When Uber London officially launched in 2012, many believed it was a technological revolution in the capital that would make taxis more affordable along with keeping many safe, especially women.
Over the course of the two years since its launch, the private car hire service has become very popular. However reports of sexual harassment by drivers and allegations of plots to smear company critics have not gone away.
The Californian based company first came on the scene in 2009 and is a hugely popular app in over 34 countries worldwide.
It allows users to summon a private car with a few taps on their smartphones and is often much cheaper than any local provider.
The brand has become a global technology superpower, the valuation of the company is now estimated around £10.8 to £14 billion ($17-22 billion).
Over the summer Uber received media attention after London’s black cab drivers protested against it, including a mass walkout on June 11 that left central London gridlocked.
While the Uber and London black cab battle continues, allegations of sexual assault, harassment and misogyny have all gone largely unreported.
John Taylor, who works at Two Brewers bar in Clapham and is also known as Coral DeVille in the drag queen world, told Artefact about his Uber encounter:
“Firstly, the driver failed to find the appropriate pick up spot for me, meaning I had to walk down Clapham High Street to find the car in the rain. When I got into the cab, he took one look at me and sucked his teeth at me, constantly huffed and puffed, then referred to me as a ‘disgusting fag boy pretending to be a woman’. Mercifully, my cab ride only took approximately seven minutes from Clapham to my flat in Oval.”
Taylor then went on to say that he’s heard of other similar stories including “a gay couple who were told to stop kissing, as it wasn’t a ‘kissing taxi’ and a lesbian on her own, who was asked very intimate questions about her and her partner’s sex life.”
Scarlett Montanaro, 25, a creative at advertising firm AnalogFolk, booked an Uber with her friend over the summer. Throughout the journey, the driver kept talking and looking directly at her lap (she was wearing shorts or a skirt) then followed to stare up and down both the girls’ bodies asking: ‘Why don’t you have a husband?’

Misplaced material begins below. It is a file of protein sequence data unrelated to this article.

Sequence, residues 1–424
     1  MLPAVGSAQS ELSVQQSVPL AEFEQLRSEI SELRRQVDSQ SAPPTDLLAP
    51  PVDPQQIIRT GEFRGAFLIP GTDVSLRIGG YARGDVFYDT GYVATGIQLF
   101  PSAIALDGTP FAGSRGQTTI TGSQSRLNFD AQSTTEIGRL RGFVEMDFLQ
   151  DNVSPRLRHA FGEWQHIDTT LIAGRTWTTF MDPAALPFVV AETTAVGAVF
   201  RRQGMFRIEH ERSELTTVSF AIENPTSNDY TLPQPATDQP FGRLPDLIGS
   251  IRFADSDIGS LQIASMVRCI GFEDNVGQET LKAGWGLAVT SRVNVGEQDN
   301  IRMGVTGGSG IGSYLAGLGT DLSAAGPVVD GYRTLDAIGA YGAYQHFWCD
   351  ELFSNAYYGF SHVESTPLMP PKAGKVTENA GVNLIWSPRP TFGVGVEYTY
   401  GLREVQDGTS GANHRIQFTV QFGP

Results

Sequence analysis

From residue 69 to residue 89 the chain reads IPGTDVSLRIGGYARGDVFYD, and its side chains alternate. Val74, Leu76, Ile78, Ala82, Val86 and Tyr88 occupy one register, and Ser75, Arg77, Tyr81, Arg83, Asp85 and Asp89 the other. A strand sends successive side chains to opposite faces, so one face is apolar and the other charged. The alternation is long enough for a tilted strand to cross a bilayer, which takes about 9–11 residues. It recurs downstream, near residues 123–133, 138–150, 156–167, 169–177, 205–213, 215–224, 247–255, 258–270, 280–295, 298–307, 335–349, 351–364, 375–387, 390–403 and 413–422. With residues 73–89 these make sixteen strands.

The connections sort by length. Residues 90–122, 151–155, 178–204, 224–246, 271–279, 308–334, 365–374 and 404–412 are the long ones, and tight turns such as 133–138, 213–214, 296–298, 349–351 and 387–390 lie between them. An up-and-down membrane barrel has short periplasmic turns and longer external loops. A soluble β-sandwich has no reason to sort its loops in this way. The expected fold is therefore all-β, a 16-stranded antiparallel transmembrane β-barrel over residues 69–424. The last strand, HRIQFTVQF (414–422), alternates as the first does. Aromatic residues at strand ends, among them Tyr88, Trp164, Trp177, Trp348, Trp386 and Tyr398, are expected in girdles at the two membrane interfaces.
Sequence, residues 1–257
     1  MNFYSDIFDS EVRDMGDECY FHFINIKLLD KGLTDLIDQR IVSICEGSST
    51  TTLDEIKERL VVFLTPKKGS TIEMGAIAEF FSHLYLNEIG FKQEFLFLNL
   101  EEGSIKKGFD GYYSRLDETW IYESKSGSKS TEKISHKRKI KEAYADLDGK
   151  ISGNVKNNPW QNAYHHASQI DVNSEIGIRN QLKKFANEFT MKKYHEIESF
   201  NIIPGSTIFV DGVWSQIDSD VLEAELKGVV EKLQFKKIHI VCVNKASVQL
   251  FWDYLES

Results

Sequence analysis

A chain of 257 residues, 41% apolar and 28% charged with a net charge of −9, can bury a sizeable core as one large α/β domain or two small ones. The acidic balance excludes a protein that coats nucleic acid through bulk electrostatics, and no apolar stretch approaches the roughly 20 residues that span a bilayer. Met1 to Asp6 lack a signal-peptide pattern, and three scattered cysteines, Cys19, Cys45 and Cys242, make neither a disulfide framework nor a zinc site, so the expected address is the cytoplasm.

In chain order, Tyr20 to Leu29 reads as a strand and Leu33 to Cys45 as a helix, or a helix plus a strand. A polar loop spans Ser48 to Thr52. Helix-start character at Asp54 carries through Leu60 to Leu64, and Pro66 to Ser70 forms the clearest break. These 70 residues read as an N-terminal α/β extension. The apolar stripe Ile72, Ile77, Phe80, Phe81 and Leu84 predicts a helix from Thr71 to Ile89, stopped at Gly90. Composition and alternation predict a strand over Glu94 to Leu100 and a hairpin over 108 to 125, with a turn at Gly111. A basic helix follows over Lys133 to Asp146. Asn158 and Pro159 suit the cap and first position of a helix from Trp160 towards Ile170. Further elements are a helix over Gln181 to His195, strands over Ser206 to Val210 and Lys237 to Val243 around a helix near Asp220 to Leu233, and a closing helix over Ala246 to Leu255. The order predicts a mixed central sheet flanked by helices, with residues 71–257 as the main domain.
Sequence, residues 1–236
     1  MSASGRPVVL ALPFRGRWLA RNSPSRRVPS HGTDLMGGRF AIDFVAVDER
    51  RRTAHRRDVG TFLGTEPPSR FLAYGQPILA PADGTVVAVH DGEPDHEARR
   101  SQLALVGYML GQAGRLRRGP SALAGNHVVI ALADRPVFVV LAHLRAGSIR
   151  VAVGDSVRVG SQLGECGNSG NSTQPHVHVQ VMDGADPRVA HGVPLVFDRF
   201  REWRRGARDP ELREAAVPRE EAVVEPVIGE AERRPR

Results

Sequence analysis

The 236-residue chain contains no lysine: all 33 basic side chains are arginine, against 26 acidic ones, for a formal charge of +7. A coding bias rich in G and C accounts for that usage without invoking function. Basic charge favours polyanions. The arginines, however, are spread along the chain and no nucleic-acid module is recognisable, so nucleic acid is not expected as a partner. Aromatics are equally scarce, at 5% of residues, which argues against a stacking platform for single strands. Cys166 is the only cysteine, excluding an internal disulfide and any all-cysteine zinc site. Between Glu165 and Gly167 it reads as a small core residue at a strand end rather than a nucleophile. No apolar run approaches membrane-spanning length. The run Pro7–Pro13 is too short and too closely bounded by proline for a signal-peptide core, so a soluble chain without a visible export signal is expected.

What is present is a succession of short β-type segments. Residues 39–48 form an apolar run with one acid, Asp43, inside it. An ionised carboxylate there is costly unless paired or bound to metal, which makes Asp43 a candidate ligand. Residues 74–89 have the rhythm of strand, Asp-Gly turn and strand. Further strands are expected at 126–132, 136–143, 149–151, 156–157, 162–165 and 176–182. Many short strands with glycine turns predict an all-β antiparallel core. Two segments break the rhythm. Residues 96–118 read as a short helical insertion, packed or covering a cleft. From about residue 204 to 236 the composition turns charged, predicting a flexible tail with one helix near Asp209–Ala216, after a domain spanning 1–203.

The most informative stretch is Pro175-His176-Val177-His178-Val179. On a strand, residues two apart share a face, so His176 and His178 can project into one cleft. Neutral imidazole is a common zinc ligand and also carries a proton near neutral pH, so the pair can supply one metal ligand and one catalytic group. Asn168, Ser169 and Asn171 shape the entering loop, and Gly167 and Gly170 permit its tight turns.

She says she is used to this sort of behaviour from men and Uber drivers: “We didn’t score him badly from my memory. Just brushed it off as another creep – but if I had have been alone, it would have been a much scarier experience.”In October 2014, a woman claimed her Uber driver kidnapped her and took her on a twenty-mile ride in the opposite direction from the original destination, to an abandoned car park.
According to the report published by Sam Biddle “The driver ignored her questions and directions. They finally arrived in a dark, empty parking lot in the middle of the night, despite her repeated protests. When she tried to exit the car, her driver locked the doors, trapping her inside. Only when she caused a commotion and screamed did he finally return her home.” The ordeal lasted for “over two hours.”
In response to hearing her story, Uber apologised for the “inefficient route” and partially refunded her fare at first, then fully refunded the journey at a later day after the story broke.
Uber drivers have also been accused of “fondling” female passengers, some have been accused of more serious crimes, such as rape.
In December 2012, a young woman from Washington DC ordered an Uber as she left a bar on her way home from a night out.
She told police that during the trip the driver made advances which she ignored. At the end of the trip, the driver allegedly grabbed her from behind, knocked her to the ground that lead to head injuries before raping her.